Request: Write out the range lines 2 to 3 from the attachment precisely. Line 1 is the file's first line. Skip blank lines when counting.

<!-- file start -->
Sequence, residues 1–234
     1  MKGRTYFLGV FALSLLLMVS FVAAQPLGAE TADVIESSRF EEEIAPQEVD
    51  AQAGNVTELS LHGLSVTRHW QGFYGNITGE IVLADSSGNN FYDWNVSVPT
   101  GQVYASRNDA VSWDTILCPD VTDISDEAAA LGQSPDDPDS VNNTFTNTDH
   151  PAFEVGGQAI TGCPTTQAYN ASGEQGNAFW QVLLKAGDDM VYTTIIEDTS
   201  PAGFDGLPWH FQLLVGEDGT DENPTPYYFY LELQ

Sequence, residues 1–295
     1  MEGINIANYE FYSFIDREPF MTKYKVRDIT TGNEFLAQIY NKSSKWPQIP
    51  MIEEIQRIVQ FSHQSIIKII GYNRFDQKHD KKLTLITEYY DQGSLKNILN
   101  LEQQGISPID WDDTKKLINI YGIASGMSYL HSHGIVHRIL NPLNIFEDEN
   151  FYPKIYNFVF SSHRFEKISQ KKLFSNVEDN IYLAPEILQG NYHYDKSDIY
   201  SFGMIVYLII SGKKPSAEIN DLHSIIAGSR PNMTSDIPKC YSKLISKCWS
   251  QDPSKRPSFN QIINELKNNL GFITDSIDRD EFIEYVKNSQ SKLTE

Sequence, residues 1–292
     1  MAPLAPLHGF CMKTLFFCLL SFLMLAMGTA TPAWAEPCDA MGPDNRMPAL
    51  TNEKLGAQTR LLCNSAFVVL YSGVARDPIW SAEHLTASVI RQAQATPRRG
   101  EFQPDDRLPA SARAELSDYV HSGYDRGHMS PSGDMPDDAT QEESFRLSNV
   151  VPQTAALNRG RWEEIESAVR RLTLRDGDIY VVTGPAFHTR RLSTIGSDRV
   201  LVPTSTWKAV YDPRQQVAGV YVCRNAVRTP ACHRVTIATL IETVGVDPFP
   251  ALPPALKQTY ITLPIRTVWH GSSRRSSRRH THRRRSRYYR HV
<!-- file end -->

     1  MKGRTYFLGV FALSLLLMVS FVAAQPLGAE TADVIESSRF EEEIAPQEVD
    51  AQAGNVTELS LHGLSVTRHW QGFYGNITGE IVLADSSGNN FYDWNVSVPT